Updated: Aug. 30, 2018
In this article, the authors argue Experience-sampling methods (ESM) can be particularly enriching for education research by enabling us to ask new and interesting questions about how students, teachers, and school leaders engage with education as they are living their lives and thus help us to better understand how education contexts shape learning and other outcomes. They highlight the value of these approaches for addressing new and exciting questions they may help education researchers to answer as they allow us to uncover experience in new ways.
Updated: Jul. 08, 2015
Reconsidering the Local After a Transformative Global Experience: A Comparison of Two Study Abroad Programs for Preservice Teachers
This study utilized a comparative case study design to understand preservice teachers’ views on programmatic elements that led to transformative learning experiences in the areas of global and local diversity. The findings reveal that participants in both programs demonstrated a new or enhanced interest in global issues and a more nuanced understanding of themselves as educators, though the relationship between global issues and their identities as culturally competent teachers of diverse students varied between programs. The findings can be grouped into three primary categories: relevant and interactive assignments, hands-on experiences, and support for personal growth.
Updated: Mar. 26, 2015
This article has tried to describe the general perceptions of student teachers regarding four major dimensions of their teaching practice: (i) learning and supervision; (ii) professional and institutional socialisation; (iii) emotional and physical impact; and (iv) career aspects. The findings reveal that the participants perceive teaching practice is perceived as a particularly stressful and demanding period, which involves considerable amounts of distress, changes in psycho-physiological patterns and an increasing sense of weariness and ‘vulnerability’. Despite these difficulties, data also reveal student teachers’ positive perceptions regarding their growing knowledge and skilfulness, their increasing sense of efficacy, flexibility and spontaneity in their performance and interactions, as well as the awareness of having achieved reasonable levels of acceptance and recognition amongst the school community.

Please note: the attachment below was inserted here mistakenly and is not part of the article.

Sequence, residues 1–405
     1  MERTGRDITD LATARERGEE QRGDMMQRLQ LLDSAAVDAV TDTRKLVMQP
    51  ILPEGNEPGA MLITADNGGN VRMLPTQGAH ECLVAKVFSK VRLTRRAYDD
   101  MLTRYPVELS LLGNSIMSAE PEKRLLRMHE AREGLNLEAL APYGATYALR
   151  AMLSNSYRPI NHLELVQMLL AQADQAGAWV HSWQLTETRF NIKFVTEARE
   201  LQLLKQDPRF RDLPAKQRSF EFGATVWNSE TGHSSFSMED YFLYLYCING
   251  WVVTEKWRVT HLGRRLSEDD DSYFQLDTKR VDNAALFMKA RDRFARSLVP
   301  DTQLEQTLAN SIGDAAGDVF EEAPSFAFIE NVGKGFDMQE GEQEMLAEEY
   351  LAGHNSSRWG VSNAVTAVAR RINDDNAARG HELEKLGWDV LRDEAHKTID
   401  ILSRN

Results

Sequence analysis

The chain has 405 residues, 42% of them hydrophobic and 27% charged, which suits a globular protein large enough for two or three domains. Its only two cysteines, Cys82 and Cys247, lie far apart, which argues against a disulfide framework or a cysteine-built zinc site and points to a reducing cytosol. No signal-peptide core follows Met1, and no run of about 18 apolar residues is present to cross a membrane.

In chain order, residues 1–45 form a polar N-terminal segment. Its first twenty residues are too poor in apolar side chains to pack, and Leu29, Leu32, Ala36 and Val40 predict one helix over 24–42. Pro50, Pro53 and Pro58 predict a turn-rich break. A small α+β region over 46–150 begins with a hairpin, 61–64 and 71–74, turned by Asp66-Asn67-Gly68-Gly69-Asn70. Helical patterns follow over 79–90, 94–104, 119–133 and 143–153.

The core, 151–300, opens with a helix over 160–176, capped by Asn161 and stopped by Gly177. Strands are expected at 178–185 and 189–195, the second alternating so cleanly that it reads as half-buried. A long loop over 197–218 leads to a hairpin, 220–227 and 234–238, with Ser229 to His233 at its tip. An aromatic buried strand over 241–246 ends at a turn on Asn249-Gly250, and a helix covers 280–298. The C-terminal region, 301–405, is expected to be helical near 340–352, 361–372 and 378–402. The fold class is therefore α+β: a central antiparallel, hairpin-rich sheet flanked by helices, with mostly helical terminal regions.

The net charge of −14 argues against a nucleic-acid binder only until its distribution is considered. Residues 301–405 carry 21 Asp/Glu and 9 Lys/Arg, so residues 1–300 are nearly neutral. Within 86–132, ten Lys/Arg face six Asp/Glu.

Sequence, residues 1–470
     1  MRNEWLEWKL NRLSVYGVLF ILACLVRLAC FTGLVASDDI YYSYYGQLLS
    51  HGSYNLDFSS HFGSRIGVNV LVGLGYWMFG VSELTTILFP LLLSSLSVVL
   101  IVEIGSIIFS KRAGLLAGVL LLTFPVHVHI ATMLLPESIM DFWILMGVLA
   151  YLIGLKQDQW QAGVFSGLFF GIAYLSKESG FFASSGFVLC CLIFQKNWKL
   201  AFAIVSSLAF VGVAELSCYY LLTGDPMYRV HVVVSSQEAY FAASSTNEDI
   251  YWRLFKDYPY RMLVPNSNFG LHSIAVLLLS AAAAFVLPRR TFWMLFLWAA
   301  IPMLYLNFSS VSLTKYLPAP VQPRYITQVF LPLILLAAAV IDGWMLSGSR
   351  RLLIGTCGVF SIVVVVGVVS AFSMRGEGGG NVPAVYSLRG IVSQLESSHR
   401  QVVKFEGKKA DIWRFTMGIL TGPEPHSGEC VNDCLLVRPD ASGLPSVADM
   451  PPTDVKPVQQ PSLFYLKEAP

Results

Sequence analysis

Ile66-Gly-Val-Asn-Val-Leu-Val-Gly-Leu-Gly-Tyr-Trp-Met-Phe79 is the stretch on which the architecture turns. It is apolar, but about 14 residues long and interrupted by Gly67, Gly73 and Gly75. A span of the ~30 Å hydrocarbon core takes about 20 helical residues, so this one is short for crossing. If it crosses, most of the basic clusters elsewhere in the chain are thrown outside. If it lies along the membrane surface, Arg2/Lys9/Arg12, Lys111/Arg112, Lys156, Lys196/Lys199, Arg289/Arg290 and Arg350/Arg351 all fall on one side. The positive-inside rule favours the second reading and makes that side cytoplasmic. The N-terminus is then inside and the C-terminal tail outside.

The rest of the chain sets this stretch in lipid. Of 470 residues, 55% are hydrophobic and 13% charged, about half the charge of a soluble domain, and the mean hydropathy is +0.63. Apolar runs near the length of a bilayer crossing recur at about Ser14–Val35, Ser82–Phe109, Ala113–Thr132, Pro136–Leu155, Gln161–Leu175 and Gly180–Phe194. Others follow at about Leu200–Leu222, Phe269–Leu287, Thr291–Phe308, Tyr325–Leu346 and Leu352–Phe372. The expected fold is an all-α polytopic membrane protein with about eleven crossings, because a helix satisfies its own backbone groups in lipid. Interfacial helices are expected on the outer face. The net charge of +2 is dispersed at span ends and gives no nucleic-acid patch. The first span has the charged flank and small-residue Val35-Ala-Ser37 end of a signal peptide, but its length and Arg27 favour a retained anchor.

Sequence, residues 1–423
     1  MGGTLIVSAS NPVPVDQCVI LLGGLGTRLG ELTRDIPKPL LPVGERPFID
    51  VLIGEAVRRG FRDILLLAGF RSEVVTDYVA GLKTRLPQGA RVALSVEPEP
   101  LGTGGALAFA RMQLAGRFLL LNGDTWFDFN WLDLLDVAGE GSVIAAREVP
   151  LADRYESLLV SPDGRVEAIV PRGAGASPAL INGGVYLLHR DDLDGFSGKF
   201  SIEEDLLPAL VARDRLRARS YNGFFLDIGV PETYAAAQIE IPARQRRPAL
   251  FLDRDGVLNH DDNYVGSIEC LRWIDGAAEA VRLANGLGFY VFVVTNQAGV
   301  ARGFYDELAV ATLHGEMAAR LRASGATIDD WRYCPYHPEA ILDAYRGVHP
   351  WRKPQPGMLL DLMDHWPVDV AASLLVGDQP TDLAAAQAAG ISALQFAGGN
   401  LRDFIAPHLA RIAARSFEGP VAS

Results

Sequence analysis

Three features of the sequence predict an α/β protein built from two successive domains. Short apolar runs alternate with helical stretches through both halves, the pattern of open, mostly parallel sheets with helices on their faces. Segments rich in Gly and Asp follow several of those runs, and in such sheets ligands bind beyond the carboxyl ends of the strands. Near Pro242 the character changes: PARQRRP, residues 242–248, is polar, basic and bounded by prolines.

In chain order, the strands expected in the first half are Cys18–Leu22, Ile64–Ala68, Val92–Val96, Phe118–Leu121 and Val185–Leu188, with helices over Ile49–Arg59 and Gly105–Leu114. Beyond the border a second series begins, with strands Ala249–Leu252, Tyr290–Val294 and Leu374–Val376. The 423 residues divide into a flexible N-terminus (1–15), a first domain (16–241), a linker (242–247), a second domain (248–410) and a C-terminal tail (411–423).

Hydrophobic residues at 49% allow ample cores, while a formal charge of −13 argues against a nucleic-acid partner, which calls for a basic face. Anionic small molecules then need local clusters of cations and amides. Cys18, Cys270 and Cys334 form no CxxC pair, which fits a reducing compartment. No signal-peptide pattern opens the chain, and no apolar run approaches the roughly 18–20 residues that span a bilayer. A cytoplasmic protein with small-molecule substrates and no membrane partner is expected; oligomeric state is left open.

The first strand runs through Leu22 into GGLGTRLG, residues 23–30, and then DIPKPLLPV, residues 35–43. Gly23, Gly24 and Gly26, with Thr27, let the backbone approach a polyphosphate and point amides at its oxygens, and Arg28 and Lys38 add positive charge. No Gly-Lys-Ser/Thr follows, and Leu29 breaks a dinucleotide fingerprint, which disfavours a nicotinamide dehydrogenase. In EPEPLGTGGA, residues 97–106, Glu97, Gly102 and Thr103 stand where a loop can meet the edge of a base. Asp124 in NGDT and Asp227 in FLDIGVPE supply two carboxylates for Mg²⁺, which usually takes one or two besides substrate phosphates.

Updated: Nov. 18, 2014
The author argues that an important task of career-long teacher education is the encouragement of imagination and creativity in experienced teachers. The task implies a reversal of the managerialism that currently afflicts so many European education systems. The article begins by giving an analysis of pedagogical relationships to expose some of the reasons that teaching is an extraordinarily complex activity. Indeed it is so complex that it is not something that can be learnt in advance of experience. However, the author claims that experience is not enough on its own. To become excellent requires a career-long commitment to self-cultivation as teachers.
Updated: Oct. 21, 2014
In this paper, the author draws on her own poetically expressive writing relating to the experience of leading an action research project. In conclusion, the author discusses ways in which poetic expression may contribute to practitioner research.
Updated: Jan. 23, 2011